Virginia Fraud: Statute of Limitation – a Lawyer’s Occurance

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In Virginia, the statute of limitation for a fraud is two years from the time when a reasonable person should have discovered it. But when exactly the statute begins to run depends on whether there were multiple occurrences.

“A cause of action for breach of a contract or duty accrues on the date of breach. Va. Code Ann. §8.01-230. Virginia recognizes that multiple breaches or occurrences can give rise to separate causes of action.” Park v. Alcon Surgical, Inc., 1993 U.S. App. LEXIS 8419, * 9 (4th Cir. 1993).

“Adopting [Plaintiff’s] contention,” the Virginia Supreme Court observed, “the trial court ruled that ‘each [tortious] discharge was a separate actionable event’ for which [Plaintiff] was entitled to seek recovery ‘during the 5 years preceding the filing of suit’. We agree.” Hampton Roads Sanitation Dist. v. McDonnell, 234 Va. 235, 239 (1987)(repeated trespass). “If the wrongful act is of a permanent nature and one that produces all the damage which can ever result from it, then the entire damages must be recovered in one action, and the statute of limitations begins to run from the date of the wrongful act. Conversely, when wrongful acts are not continuous but occur only at intervals, each occurrence inflicts a new injury and gives rise to a new and separate cause of action. In the latter situation, a plaintiff’s right of recovery . . . is limited by the statute of the damages sustained during the five years preceding the institution of the suit.” Id. (emphasis added)( brackets omitted).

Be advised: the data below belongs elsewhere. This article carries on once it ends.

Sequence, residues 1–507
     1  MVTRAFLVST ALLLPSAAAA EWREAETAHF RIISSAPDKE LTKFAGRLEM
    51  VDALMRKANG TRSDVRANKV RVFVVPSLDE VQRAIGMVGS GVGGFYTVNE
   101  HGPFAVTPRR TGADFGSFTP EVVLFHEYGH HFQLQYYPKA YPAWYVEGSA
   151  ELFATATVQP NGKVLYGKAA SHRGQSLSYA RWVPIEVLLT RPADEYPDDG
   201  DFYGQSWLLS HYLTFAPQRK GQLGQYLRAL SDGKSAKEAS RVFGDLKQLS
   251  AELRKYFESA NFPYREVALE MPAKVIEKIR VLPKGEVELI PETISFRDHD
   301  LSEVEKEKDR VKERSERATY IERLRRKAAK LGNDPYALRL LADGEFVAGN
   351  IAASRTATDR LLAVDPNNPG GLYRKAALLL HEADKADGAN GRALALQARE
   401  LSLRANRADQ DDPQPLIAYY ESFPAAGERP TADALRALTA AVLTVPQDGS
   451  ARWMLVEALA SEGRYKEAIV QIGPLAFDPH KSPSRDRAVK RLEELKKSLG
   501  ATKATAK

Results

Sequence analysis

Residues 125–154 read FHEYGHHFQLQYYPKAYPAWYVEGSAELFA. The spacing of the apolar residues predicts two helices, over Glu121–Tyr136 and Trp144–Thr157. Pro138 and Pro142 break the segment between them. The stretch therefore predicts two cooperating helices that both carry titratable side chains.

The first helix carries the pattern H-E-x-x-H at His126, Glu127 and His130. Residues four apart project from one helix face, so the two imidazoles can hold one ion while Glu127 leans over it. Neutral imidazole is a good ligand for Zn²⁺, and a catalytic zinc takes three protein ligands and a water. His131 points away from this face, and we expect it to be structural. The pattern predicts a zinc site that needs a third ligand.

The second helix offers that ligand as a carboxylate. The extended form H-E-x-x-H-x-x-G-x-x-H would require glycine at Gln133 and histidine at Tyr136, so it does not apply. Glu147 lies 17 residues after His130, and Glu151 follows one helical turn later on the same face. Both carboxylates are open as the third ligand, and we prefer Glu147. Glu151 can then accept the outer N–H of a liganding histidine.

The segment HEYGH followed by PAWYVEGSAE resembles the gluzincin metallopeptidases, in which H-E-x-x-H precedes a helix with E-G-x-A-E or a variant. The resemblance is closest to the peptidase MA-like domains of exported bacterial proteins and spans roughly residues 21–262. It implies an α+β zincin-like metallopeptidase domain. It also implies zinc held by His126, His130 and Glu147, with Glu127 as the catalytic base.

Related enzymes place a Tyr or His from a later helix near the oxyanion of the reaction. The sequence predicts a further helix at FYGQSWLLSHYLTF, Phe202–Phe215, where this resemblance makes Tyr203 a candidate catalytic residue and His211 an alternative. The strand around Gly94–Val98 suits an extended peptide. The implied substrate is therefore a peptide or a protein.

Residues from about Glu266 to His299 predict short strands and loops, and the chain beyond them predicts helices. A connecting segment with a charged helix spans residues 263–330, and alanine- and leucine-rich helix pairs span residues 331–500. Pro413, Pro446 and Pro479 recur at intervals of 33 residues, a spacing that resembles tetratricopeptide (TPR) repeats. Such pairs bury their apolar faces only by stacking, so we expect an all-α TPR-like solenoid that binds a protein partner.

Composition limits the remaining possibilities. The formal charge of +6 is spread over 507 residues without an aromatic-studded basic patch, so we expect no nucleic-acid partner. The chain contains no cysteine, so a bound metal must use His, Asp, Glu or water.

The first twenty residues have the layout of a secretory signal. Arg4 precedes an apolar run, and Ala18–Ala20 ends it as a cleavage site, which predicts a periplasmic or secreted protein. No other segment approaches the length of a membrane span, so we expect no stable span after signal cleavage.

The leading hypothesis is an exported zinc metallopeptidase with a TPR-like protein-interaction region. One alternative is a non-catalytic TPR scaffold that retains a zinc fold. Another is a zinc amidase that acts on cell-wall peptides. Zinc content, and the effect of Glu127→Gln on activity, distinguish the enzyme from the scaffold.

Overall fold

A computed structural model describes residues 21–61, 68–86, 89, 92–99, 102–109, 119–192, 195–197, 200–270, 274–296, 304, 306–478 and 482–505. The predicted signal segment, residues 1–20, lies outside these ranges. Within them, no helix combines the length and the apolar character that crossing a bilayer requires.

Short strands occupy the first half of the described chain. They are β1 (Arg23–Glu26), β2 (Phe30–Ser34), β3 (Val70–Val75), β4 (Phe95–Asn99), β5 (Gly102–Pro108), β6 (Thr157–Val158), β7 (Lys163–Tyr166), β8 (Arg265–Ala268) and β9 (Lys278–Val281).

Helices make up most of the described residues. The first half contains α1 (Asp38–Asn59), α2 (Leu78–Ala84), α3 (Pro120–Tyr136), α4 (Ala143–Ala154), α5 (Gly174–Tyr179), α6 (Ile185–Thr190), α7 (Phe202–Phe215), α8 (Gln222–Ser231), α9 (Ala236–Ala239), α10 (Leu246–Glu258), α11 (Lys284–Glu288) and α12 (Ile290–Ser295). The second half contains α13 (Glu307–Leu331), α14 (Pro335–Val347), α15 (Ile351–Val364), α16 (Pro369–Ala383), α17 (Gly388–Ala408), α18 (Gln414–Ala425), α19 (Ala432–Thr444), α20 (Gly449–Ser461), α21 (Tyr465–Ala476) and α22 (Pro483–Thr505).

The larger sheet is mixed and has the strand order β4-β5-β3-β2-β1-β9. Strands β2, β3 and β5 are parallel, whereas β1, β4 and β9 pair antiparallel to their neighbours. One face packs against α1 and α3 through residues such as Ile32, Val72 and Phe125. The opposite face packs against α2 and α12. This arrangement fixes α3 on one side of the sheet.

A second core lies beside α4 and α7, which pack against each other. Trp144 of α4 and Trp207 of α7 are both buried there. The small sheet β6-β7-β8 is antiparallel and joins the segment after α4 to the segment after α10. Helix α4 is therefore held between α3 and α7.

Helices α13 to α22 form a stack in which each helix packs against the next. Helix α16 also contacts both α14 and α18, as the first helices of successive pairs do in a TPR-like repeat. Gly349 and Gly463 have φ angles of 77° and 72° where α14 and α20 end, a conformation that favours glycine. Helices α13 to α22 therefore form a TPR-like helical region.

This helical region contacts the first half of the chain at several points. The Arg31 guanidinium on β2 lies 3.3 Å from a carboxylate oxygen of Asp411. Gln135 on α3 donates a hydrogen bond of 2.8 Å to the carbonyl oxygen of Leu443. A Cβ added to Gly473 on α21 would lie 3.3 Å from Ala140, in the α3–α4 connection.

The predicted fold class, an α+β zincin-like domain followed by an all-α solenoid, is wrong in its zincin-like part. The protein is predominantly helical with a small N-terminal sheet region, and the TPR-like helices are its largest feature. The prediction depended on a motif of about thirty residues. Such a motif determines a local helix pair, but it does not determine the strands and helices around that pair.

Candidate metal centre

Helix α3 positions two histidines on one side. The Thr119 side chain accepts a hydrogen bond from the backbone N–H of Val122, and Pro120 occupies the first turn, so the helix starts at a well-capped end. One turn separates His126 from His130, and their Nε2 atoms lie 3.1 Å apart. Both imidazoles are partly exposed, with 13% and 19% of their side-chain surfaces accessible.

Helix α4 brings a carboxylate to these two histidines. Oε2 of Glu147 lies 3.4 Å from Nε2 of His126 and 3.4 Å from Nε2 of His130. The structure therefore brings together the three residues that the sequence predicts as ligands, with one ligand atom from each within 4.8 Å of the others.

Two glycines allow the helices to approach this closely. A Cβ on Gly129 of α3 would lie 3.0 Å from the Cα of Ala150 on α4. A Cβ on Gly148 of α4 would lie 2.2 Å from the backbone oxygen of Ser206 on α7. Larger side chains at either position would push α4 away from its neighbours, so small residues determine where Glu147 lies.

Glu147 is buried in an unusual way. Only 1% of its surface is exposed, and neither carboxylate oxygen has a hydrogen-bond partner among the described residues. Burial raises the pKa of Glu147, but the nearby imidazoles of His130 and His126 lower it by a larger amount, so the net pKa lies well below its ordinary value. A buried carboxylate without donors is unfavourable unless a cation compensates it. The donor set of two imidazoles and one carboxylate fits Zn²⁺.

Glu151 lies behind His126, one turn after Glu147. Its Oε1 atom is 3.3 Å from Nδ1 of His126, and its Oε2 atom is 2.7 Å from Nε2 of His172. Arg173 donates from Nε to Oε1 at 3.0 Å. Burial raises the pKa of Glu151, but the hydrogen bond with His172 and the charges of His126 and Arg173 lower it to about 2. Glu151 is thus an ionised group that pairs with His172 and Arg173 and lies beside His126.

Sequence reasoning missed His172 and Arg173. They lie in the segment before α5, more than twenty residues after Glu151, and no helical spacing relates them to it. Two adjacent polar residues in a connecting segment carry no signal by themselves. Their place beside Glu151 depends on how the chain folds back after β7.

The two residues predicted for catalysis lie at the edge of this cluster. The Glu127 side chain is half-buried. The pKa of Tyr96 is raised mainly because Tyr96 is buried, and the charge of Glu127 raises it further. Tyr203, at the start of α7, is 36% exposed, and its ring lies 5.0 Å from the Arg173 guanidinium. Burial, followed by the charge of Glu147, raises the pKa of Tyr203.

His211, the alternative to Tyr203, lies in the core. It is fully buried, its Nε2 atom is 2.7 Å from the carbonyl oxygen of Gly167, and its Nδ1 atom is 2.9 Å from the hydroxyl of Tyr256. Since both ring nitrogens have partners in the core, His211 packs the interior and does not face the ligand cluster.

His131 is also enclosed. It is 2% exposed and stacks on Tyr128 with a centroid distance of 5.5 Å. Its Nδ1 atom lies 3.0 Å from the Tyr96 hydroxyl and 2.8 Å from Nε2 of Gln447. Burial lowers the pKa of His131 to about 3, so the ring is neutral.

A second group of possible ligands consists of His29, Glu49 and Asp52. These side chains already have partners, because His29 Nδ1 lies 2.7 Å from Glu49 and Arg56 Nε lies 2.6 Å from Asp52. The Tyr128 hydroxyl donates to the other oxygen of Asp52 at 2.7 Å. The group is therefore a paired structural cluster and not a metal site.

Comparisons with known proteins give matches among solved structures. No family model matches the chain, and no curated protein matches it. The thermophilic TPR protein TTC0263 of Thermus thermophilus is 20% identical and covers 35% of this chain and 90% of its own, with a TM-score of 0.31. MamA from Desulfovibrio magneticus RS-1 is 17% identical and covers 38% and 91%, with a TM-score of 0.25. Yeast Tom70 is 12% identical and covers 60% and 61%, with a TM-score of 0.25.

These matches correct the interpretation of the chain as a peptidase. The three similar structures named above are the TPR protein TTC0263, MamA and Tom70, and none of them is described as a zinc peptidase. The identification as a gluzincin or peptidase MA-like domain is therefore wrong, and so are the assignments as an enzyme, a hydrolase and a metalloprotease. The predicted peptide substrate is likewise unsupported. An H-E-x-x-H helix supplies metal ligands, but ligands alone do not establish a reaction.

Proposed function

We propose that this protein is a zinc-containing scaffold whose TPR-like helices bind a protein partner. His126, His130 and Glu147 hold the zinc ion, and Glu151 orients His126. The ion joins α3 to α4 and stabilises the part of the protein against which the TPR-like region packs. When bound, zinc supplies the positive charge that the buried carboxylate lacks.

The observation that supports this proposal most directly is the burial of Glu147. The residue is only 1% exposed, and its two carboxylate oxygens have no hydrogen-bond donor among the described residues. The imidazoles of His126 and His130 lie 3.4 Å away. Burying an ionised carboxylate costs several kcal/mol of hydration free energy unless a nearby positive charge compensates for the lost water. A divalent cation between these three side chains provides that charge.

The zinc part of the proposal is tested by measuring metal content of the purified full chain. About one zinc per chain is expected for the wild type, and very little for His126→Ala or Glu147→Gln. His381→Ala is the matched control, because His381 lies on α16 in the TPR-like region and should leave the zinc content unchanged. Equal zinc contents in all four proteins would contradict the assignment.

The Virginia Supreme Court recently embraced Hampton Roads in Am. Physical Therapy Ass’n v. Fed’n of State Bds. of Physical Therapy [“APTA”], 271 Va. 481, 484-485 (2006). In reversing and remanding a trial court that incorrectly had applied a single unitary statute of limitation period to discrete occurrences, the Virginia Supreme Court in APTA reiterated “if the wrongful acts are not continuous and ‘occur only at intervals, each occurrence inflicts a new injury and gives rise to a new and separate cause of action’.” Id. at 484.

“Since the statute of limitations is an affirmative defense, [Defendant] has the burden of proving facts that bar [Plaintiff’s] claim.” Park, supra, 1993 U.S. App. LEXIS 8419, * 11. When there is conflict over when a plaintiff should have discovered that the defendant committed fraud, the defensive pleading must be denied. See, Bd. of Dirs. of the Lessner Pointe Condominium on the Chesapeake Bay Ass’n, Inc. v. Harbour Point Bldg. Corp., 2002 Va. Cir. LEXIS 422, * 27-28 (Virginia Beach Jun. 18, 2002).